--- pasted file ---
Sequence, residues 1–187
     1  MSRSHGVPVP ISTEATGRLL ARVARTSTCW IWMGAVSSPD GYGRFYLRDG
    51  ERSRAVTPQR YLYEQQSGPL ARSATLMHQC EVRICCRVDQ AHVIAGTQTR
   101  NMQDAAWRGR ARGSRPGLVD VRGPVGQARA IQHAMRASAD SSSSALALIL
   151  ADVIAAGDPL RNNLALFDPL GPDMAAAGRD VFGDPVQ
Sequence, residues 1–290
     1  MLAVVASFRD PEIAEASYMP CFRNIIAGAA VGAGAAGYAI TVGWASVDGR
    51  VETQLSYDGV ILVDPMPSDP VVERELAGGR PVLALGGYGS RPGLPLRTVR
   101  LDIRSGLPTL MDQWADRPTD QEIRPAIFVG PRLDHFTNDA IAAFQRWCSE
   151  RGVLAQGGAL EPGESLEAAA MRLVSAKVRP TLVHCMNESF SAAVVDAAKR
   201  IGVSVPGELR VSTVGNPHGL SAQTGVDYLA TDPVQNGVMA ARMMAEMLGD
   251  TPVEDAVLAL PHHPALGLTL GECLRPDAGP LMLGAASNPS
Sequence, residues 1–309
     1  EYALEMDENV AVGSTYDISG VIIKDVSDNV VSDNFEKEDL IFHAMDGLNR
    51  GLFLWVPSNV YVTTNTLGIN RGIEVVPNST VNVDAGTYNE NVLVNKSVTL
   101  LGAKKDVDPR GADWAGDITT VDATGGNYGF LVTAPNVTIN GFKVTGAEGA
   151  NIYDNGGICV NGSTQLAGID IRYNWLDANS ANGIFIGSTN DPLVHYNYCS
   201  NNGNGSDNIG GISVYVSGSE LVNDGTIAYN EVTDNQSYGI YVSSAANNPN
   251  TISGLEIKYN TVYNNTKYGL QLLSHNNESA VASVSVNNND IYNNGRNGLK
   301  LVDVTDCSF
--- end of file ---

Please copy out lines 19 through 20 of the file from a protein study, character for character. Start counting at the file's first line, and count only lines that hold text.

   251  TISGLEIKYN TVYNNTKYGL QLLSHNNESA VASVSVNNND IYNNGRNGLK
   301  LVDVTDCSF